By the end of the 2000s, the term "resource curse" had become so widespread that it had turned into a kind of magic keyword, not only in the scholarly language of the social sciences, but also in the discourse of politicians, commentators and analysts all over the world-—like the term "modernization" in the early 1960s or "transition" in the early 1990s. In fact, the aggravation of many problems in the global economy and politics, against the background of the rally of oil prices in 2004–2008, became the environment for academic and public debates about the role of natural resources in general, and oil and gas in particular, in the development of various societies. The results of numerous studies do not give a clear answer to questions about the nature and mechanisms of the influence of the oil and gas abundance on the economic, political and social processes in various states and nations. However, the majority of scholars and observers agree that this influence in the most of countries is primarily negative. Resource Curse and Post-Soviet Eurasia: Oil, Gas, and Modernization is an in-depth analysis of the impact of oil and gas abundance on political, economic, and social developments of Russia and other post-Soviet states and nations (such as Kazakhstan and Azerbaijan). The chapters of the book systematically examine various effects of "resource curse" in different arenas such as state building, regime changes, rule of law, property rights, policy-making, interest representation, and international relations in theoretical, historical, and comparative perspectives. The authors analyze the role of oil and gas dependency in the evolution and subsequent collapse of the Soviet Union, authoritarian drift of post-Soviet countries, building of predatory state and pendulum-like swings of Russia from "state capture" of 1990s to "business capture" of 2000s, uneasy relationships between the state and special interest groups, and numerous problems of "geo-economics" of pipelines in post-Soviet Eurasia.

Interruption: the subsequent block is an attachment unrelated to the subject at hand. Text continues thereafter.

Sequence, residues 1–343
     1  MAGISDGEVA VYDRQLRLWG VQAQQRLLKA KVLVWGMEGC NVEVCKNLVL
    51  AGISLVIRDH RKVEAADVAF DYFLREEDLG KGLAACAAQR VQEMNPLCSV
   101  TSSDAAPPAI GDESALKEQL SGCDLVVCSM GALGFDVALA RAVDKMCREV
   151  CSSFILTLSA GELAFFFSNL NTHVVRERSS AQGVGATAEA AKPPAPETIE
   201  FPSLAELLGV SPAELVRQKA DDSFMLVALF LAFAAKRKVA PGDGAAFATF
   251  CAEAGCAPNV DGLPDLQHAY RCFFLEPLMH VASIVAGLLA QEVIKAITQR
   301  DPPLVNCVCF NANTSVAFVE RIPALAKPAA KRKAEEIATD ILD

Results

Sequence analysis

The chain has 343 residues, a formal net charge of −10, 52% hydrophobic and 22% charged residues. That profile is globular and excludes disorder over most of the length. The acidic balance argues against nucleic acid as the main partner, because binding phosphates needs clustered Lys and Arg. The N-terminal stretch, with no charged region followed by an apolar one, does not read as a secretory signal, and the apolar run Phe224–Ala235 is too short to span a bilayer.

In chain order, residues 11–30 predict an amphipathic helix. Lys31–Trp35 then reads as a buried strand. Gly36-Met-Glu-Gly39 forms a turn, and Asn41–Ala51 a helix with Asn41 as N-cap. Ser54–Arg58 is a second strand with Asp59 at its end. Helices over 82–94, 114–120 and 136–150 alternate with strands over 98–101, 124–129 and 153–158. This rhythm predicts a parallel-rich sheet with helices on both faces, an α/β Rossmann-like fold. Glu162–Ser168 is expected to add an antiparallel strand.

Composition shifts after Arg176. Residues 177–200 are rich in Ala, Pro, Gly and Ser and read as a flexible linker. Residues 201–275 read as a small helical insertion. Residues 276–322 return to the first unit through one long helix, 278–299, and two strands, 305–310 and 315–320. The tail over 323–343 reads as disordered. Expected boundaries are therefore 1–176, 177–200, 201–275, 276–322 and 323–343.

Using a panel data set of 180 countries spanning from 1971 to 2000, we find evidence that exchange rate policy affects macroeconomic performance for the sample of non-industrialized countries. We consider two measures of economic performance: i) per capita GDP growth and ii) the volatility of per capita GDP growth and investigate the nature of their dependence on de facto/de jure mix of exchange rate policies. Our characterization of exchange rate policy measures whether a country's de facto policy is consistent with its publicly stated de jure exchange rate regime. Employing the Rogoff and Reinhart (2002) de facto classification we find the significant statistical relationship between exchange rate policy and growth which is robust to the inclusion of conventional growth control variables. Our nuanced characterization shows that the non-industrialized countries exhibiting `fear of floating,' have higher GDP growth. With respect to GDP volatility a division of policy into fixed versus floating exchange rates using the de facto/de jure metrics is significant and indicates that `fear of floating' is stabilizing for the non-industrialized but destabilizing for industrialized countries.